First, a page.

Here we can discuss ideas, inspirations and philosophy that does not readily fall into an established category. Often the most interesting ideas and the ones that are hard to classify

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Zelfzorg en gezond verstand

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Some thoughts on Liberation as an Ethic

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Responsabilidad sobre nuestras acciones

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LOVE: Some reflections

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Comment by George Daly on August 31, 2016 at 20:23
Dear David
Thanks for your swift and helpful reply.
At the moment the prisons we work in are in
Uganda and Kenya. We hope to expand into other
East African countries. Exactly as you say, the cultural
differences are significant. There are very great problems
in the prisons but also some good things.
We do provide plenty of Education, Health and Access to Justice
initiatives. We run some singing groups and occasionally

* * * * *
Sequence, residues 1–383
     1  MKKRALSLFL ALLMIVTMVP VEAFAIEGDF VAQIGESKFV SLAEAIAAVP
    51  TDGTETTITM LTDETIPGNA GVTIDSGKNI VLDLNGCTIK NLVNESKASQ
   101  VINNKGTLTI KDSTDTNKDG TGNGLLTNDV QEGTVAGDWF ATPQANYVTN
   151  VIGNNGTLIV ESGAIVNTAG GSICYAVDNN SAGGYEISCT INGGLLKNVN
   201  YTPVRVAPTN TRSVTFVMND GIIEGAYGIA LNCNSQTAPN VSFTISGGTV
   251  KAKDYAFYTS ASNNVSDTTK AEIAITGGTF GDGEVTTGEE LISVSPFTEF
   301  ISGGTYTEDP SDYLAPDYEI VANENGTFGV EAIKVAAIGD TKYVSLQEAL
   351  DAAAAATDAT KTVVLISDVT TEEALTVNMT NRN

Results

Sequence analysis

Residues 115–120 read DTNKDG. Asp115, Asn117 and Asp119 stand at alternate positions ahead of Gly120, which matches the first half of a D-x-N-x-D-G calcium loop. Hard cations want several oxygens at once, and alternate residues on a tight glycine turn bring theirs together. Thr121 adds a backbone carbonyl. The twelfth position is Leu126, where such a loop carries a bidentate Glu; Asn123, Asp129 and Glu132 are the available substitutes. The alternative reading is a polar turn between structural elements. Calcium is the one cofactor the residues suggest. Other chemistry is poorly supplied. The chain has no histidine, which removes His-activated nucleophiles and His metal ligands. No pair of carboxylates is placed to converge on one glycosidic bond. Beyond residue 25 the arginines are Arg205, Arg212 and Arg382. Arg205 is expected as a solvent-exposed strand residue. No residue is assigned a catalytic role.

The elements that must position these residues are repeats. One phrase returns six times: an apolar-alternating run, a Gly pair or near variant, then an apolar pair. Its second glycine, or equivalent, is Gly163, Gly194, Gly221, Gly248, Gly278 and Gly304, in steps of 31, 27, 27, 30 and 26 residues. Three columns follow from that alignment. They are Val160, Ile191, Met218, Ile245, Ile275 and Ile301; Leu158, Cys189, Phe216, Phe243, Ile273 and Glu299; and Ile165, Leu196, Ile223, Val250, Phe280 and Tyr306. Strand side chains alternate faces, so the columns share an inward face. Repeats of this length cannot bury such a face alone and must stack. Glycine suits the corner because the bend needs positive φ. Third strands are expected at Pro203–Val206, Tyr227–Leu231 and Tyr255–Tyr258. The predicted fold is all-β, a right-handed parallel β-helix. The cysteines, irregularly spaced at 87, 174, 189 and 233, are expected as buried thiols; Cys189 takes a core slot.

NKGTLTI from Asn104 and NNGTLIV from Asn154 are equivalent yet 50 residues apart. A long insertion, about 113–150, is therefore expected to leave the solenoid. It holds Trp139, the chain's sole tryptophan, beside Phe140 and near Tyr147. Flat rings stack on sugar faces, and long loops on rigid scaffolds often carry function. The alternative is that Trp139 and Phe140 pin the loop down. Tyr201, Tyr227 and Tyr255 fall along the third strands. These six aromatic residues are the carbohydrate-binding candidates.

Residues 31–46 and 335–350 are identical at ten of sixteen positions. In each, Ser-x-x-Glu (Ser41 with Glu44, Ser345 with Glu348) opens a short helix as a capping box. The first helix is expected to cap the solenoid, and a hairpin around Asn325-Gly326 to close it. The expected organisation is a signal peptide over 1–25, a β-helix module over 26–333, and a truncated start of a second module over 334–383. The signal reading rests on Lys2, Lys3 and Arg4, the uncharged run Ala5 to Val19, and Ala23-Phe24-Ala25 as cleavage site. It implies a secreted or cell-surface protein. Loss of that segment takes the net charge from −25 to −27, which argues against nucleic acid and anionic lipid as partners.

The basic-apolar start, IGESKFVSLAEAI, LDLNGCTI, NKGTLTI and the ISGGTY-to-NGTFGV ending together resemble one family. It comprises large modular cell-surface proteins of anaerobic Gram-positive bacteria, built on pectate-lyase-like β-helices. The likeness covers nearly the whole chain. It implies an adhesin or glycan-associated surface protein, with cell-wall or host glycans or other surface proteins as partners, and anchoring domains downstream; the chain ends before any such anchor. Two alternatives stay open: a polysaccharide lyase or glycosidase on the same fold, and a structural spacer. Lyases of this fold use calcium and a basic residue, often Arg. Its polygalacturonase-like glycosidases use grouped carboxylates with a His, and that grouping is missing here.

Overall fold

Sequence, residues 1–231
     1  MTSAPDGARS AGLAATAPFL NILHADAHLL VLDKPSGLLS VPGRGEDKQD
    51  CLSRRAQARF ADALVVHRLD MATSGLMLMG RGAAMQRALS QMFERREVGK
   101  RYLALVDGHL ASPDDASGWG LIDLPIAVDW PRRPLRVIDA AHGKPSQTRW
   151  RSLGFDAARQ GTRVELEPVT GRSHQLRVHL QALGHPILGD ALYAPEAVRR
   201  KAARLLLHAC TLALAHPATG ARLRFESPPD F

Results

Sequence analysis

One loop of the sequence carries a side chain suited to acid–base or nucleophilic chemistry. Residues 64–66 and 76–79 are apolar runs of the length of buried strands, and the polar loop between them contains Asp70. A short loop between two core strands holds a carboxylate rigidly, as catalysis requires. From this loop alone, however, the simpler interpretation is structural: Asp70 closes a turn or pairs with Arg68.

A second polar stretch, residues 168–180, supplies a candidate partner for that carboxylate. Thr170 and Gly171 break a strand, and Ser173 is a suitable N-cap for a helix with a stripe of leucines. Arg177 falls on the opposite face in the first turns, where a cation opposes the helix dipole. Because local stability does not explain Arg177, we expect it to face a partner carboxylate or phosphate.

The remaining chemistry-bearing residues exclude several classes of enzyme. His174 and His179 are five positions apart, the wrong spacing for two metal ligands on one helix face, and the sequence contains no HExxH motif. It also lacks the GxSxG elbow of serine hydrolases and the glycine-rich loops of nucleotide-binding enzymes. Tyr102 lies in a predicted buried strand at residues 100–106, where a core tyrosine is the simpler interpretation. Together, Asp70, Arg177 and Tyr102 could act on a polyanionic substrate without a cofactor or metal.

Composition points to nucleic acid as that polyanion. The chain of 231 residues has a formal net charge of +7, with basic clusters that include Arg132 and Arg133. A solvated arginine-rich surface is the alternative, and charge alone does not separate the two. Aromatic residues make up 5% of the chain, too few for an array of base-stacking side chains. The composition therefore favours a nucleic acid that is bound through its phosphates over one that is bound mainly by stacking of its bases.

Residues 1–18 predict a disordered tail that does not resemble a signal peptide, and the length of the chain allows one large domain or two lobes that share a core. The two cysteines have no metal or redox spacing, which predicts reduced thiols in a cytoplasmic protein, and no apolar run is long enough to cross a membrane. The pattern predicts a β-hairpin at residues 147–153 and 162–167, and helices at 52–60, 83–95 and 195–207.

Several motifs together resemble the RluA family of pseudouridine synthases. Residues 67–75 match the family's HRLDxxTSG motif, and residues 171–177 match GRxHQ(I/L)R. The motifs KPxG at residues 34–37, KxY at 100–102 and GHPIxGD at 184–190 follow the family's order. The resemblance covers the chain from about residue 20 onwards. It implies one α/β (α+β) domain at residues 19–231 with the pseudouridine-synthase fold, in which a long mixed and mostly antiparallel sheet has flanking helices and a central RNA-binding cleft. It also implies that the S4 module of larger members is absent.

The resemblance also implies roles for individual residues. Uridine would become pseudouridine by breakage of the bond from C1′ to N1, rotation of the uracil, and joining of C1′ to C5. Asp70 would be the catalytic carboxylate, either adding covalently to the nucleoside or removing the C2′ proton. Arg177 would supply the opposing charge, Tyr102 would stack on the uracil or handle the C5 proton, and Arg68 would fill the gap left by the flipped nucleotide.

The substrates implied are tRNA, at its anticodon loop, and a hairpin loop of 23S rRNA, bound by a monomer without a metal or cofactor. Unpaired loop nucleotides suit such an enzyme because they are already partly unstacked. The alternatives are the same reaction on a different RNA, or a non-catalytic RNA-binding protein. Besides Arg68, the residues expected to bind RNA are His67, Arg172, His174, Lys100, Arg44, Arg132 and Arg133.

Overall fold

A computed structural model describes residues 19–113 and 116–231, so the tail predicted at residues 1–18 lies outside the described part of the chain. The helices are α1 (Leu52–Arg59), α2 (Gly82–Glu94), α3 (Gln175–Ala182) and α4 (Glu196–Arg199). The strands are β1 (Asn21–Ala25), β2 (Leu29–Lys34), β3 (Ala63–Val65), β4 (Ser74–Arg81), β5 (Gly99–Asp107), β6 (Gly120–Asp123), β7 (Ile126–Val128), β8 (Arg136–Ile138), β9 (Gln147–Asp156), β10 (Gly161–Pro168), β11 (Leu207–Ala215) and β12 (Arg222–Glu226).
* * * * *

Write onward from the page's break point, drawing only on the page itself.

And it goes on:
a Yoga teacher visits some of the prisons.
Most prisoners have fairly fundamentalist religious views.
One of the broad aspirations of the Project is to transform
Criminal Justice systems and to transform the mindsets that
generate so many damaging vicious circles at the moment.
I was wondering how far some Buddhist practices could
be encouraged in this social context.
The Angulimala story makes an interesting starting point.
I will follow up your suggestions.
There is no need for you to do anything else but
if you happen to come across other interested people
I'd be grateful to hear about them.
Comment by David Brazier on August 31, 2016 at 19:26

That sounds like extremely worthwhile work. Where is your Africa project? Your question is a challenging one. There have been and are a variety of Buddhist prison projects, especially in the USA, but how relevant they would be to your people I'm not sure. Then there is the work of Naikan people in Japan. I think it would need some adaptation to fit local culture, but might then have some relevance.

Comment by George Daly on August 31, 2016 at 17:30
Dear David
As part of the work of the African Prisons Project we have
retreats for some of the people involved. I have often wondered
how Eleusis might be able to contribute. I often find it hard
to work out how to incorporate the wonders of Buddhism into